The Specifics of Conversion Experiences

Posted by on Mar 22, 2017
The Specifics of Conversion Experiences

“How are people actually coming to faith today?” That title of an article caught my eye. When I interviewed 40 recent converts, I learned a great deal about how people became Christians. I’m not talking about the spiritual realities of the salvation experience. We can’t think too highly of the images painted in scripture about conversion – “being delivered from darkness into light,” “being born again,” “getting set free,” etc. We would do well to meditate on how the reality of salvation is “like the wind.”

But I think we also need to hear practical specifics. Did people read books, visit websites, hear sermons, listen to a presentation, see visions, eat meals with Christians, etc.? At the risk of sounding terribly pragmatic, we should ask, “What worked?”

When I meet with pastors to discuss ways to weave evangelism into their discipleship, I urge them to interview recent converts to hear what drew them to the Savior. Of course, we know it was the Holy Spirit who worked to open their eyes, enlighten their understanding, and soften their hearts. But God works through “means” and we should learn what those are.

Not too long ago, I read a report about “how churches grow.” The authors identified dozens of churches that had grown and they set out to find out why. What struck me as humorous was who the researchers spoke to. They only interviewed the pastors – not the new members! (As far as I could tell, these researchers didn’t distinguish between conversion-growth and membership-transfer-growth. I found that frustrating. But that’s another matter).

Not all that surprisingly, the pastors said their churches had grown because 1) the preaching was relevant, 2) the programs met people where they are, and 3) the atmosphere was warm and inviting. This all may be true. But I wondered whether the new members would have identified those same factors.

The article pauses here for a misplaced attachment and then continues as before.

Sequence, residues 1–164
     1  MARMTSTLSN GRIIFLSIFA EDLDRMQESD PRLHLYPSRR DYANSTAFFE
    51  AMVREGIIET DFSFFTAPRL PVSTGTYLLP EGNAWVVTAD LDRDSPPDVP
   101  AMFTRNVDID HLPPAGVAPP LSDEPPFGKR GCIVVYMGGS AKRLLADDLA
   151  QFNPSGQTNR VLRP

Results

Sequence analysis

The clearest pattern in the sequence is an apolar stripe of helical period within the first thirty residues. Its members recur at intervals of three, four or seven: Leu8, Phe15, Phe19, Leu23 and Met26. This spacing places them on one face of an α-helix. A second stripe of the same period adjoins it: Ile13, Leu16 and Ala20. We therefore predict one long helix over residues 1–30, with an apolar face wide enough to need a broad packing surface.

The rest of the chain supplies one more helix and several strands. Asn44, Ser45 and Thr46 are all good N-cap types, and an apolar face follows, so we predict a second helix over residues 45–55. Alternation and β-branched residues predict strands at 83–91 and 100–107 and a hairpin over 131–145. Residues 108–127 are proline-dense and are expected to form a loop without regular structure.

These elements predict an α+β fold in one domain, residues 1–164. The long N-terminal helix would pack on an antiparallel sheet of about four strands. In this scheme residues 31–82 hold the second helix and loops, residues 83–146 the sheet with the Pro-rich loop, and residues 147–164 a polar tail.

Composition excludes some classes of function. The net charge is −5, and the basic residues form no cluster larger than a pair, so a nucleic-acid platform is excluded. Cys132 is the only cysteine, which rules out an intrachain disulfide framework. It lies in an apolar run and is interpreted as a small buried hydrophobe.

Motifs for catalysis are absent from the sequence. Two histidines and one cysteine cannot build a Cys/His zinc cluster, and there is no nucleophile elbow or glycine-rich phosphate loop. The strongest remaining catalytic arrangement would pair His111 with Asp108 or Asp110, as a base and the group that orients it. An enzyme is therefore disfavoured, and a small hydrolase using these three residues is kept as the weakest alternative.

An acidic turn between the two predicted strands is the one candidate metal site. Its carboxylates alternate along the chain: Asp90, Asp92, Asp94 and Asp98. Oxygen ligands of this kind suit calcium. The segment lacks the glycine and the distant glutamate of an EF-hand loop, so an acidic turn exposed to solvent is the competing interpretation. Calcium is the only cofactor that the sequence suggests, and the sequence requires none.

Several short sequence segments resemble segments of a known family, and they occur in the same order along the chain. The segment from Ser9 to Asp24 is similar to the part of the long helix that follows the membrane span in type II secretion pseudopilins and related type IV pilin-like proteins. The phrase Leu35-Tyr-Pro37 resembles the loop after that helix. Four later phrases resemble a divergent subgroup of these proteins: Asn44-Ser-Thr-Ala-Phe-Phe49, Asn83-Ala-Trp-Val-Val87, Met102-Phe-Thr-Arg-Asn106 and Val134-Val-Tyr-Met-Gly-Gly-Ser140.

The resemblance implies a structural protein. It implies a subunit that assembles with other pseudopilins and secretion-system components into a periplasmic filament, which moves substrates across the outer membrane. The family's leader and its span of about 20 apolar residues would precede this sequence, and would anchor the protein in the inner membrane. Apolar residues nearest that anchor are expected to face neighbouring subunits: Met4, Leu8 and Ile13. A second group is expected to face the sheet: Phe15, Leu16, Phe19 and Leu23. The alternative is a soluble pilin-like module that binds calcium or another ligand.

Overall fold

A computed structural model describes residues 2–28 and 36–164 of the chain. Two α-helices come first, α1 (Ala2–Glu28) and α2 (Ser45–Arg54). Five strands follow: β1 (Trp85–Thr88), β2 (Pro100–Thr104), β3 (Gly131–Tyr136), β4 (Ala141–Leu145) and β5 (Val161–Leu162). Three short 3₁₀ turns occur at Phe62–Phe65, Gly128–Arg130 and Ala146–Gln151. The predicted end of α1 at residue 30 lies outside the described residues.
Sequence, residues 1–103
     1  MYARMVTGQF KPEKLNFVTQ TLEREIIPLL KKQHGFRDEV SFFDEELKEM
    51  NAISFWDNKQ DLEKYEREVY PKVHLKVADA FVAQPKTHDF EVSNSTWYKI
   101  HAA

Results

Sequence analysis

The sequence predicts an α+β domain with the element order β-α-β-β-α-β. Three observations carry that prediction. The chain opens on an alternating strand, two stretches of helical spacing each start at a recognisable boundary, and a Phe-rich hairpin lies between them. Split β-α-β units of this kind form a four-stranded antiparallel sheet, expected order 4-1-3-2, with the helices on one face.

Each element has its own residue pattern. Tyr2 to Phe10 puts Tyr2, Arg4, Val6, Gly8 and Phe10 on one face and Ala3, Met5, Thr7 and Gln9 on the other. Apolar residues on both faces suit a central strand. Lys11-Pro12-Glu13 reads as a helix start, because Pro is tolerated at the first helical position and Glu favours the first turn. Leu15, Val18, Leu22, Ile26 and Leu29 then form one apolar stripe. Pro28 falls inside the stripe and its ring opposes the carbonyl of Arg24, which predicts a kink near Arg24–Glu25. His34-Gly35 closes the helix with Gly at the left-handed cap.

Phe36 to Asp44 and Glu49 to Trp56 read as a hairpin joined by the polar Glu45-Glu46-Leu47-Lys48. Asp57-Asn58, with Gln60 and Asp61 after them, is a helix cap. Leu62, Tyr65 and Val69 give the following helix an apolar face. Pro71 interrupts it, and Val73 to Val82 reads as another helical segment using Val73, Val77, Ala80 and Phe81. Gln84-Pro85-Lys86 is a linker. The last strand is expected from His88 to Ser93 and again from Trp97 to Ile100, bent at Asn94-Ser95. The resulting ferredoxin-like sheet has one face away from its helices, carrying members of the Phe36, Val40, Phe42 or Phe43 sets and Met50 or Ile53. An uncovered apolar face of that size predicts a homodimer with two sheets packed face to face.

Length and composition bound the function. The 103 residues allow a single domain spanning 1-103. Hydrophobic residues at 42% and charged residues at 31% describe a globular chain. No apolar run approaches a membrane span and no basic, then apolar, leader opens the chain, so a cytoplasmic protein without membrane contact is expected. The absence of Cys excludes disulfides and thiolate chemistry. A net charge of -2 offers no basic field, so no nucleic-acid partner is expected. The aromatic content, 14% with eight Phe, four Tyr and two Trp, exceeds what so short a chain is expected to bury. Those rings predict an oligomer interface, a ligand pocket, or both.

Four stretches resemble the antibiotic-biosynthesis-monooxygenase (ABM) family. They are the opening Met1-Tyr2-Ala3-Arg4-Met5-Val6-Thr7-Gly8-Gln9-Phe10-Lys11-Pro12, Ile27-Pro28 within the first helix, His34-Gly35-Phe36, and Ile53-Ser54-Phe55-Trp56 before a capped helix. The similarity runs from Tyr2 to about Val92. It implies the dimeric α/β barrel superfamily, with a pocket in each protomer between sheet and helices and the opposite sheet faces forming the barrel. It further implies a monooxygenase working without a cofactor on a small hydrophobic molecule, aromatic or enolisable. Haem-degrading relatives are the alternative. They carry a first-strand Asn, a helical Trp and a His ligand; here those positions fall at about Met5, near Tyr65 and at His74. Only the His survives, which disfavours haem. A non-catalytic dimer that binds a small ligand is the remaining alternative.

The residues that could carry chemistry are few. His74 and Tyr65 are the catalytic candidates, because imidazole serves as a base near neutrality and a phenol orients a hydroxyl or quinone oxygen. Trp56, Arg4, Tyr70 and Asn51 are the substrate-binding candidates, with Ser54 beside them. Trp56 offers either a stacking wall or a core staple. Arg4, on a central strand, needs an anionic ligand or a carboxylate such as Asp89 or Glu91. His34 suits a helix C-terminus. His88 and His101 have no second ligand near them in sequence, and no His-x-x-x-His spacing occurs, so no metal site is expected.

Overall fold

All of this is to say two things:

• First, we should all do a better job of listening to people’s stories.

• Second, we should learn what others have found when they have listened to those stories.

A recent book, Growing God’s Church: How People Are Actually Coming to Faith Today, by Gary L. McIntosh, is a good first step in this important task. I say, “first step” because individual churches need to find out why people who come to faith through their churches and in their culture. While McIntosh interviewed nearly 1,100 Christians over nearly a 10-year period,” his audience probably differs from yours.

Here are three of McIntosh’s findings that I appreciated. The following quotes come from the article in Biola Magazine:

• “Family and friends are still the main reason people come to Christ, but it is lower than it used to be (from 90% in the 1970s to 60% today).”

• “People are coming to church before they come to Christ….A lot of people are coming to church today without a personal invitation. About a fourth of the people interviewed indicated ‘I found the church on my own.'”

And here’s the one I want to explore the most:

• “Historically [50 or 30 years ago], people would often say that they were led to Christ though a methodology like the Four Spiritual Laws or the Romans Road or Evangelism Explosion….[Today], people said that it was simply conversation….People don’t want to feel that they’re being led through some sort of a rote presentation. They want to feel that it’s more natural – that we’re just talking among friends, about life and sports and spiritual things. And through that conversation they come to understand what Christianity is and what commitment to Christ is, and some people just all of a sudden say, ‘I believe.'”

This makes me want to explore the art and skill of conversation. I hope to do so in some upcoming blogs.

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